Using Novels In Your Classroom

by | Jul 22, 2019 | Teaching Strategies | 0 comments

This week I am starting a new video series all about using novels in your classroom!

I’m excited to share what I’ve learned about the importance of using novels in the classroom.

If you want to watch all the videos at once, you can click here!

Transcription of Video

Hi, I’m Amy from TeachingIdea4u. And today I’m here to talk to you about using novels in your classroom. I have always used novels. I’ve learned a lot over the years about how to use novels in the classroom.

And sometimes I wish I could apologize to some of my earlier students because I really got so much better about targeting skills instead of killing kids with assessments and things.

I know some people are a little bit leery of using novels because they can take a little bit of time, but there are a lot of tricks and things that you can do to really integrate that novel and not take as much time and you can get a lot out of it and your students can get a lot out of it.

As a student, I was really, really bored when we read basals where you would get a snippet of a story and then I couldn’t find out what happened or where the character went with whatever happened.

So I think kids really can get engaged in a good novel. So let’s talk today about why you should use novels and how you can use novels. And then in the next upcoming days I will be talking to you about other issues teachers have like finding funding, picking a good novel, how to organize and manage the novel in your classroom, how to assess the novel or students learning through the novel.

So after today I’ll hit some of those other kind of tricky topics for teachers, but today is going to be a real quick overview on why teachers should use novels and how you can use novels in the classroom. So let’s go ahead and get started.

Why Use Novels?

So why should you use novels? There are a lot of academic benefits to reading a novel or a longer piece. One of them is that reading a novel actually engages all of the brain’s major domains. So no matter what your student’s strength is, that reading that book can hit all students.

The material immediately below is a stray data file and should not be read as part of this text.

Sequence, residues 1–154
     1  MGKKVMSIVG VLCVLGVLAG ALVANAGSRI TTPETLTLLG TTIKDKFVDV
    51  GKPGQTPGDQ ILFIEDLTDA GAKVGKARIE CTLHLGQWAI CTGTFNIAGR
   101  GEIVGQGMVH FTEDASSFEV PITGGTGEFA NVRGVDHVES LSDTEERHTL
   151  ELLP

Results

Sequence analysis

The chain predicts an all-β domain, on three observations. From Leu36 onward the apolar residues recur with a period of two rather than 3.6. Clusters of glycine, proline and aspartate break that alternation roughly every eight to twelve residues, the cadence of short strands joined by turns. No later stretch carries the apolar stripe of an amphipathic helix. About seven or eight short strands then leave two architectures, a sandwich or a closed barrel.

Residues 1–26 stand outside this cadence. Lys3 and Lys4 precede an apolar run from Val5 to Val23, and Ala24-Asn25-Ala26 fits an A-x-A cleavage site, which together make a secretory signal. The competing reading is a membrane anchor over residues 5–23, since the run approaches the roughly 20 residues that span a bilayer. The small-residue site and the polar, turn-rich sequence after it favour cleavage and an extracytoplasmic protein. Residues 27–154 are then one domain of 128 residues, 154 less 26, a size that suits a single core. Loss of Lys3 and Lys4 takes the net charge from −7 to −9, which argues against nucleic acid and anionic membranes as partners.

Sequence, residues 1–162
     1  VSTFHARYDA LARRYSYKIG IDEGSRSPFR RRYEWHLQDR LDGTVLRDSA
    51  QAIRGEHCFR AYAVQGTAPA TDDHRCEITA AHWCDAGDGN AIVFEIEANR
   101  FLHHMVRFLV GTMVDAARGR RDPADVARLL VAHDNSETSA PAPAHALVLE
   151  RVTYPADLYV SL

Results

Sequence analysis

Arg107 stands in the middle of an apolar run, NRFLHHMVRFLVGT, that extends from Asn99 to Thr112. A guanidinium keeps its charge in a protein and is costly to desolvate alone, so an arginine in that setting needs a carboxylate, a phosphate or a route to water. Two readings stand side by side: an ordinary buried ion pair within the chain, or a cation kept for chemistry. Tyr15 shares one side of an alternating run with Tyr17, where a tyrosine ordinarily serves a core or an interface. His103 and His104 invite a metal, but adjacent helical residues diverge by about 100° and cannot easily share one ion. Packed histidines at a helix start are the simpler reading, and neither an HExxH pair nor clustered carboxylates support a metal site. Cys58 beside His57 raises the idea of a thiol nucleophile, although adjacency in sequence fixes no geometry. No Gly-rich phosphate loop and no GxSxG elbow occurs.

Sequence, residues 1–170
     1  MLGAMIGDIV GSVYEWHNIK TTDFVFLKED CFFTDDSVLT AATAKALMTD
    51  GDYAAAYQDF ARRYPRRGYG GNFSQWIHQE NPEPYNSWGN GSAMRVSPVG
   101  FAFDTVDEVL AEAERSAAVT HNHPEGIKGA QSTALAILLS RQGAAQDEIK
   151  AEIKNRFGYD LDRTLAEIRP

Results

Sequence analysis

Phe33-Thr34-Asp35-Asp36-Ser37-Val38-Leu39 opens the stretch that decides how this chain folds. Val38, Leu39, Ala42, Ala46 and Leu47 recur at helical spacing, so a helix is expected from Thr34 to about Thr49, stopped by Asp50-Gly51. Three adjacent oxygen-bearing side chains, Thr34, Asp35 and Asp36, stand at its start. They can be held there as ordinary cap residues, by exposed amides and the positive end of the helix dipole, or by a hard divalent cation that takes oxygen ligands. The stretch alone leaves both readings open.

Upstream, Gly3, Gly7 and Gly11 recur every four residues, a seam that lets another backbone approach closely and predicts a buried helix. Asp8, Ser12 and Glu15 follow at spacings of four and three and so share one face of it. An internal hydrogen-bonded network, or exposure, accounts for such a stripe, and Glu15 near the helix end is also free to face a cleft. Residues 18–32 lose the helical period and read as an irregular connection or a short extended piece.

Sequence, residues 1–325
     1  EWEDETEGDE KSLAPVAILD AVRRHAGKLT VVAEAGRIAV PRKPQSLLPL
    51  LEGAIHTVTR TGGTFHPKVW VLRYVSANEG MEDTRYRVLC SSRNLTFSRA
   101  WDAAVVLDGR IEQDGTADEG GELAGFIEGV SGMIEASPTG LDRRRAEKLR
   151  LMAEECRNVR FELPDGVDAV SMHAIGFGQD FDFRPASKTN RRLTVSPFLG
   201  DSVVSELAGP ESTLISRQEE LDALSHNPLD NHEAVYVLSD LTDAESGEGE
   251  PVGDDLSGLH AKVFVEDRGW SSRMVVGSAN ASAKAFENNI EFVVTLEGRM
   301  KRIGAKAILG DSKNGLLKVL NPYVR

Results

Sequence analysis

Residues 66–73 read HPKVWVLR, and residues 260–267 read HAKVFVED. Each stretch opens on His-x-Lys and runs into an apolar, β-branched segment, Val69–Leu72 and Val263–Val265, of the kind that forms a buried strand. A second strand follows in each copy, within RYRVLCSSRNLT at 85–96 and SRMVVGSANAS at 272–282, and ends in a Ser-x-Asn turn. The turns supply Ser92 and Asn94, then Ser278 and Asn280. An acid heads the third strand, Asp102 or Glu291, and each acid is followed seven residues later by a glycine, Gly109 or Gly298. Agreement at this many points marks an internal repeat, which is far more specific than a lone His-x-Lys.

So it can draw in people who maybe aren’t necessarily strong at reading, but they have other skills. But its activated that. So you’re making all those connections and we all know how important it is for the brain to make connections to different things. Reading book and books improve a lot of skills for kids.

So for example, I think most teachers know that the more you read, the better your vocabulary tends to be. So vocabulary, which is an area a lot of kids today are very weak in, that can be a very great way to help kids improve their vocabulary because they have to read it and they have to use it.

And if you work vocabulary into your assessment, they also have to apply it. It helps improve concentration. Now I would also like to point out that it can help teachers realize who has good concentration and maybe who doesn’t. Sometimes you also can see that a student consistently has difficulty concentrating and it might indicate a different problem.

Like my son actually has a vision processing issue and he could concentrate on a lot of other things. But when it came to reading books, it was an all-out battle. And so once we finally realized that he had a vision processing issue, it made everything kind of fall into place that like, that made sense why he was struggling with reading, when he could focus so many other places.

So sometimes they can indicate, you know, a child might be struggling with attention deficit or dyslexia, you know, so as students should be able to work on lengthening their concentration with reading over time.

But again, as a teacher, this is a two-fold benefit to reading. Sometimes it can help you see who’s really having a problem. Um, and then you also can identify maybe who needs more support with improving their concentration. 

Reading books improves thinking skills. You have to think outside the box when you read a book. You have to put yourself in the shoes of other people, um, and see and understand how they do things or maybe a different culture or a different country or even different planet or something in science fiction. So you have to develop all kinds of critical thinking and thinking skills to process that book and to really understand it. 

And I wanted to put this chart up for you. If you are on social media a lot, you may have already seen it, but there is a chart that talks about on estimate the longterm effects of daily reading. And it’s just hands down.

Kids who read 20 minutes a day by the end of the year have almost 2 million more words that they’re exposed to over a student who doesn’t read. So think about the difference in vocabulary, in concentration and all of these academic skills that we’re trying to develop.

Kids who don’t read or who struggle with reading they just don’t have the opportunity to develop those skills as much. But there are a lot of other benefits to reading too. 

Benefits of Novels In The Classroom

Reading helps to open our mind to things that maybe we aren’t exposed to in our lives. You know, maybe we don’t know about other religions or other cultures or even, you know, other parts of our own country.

So when you read and its set in another location or its set in a different culture, or it’s a student who maybe has a physical or something, it lets you kind of put yourself in that character’s situation and, and opens your mind to it.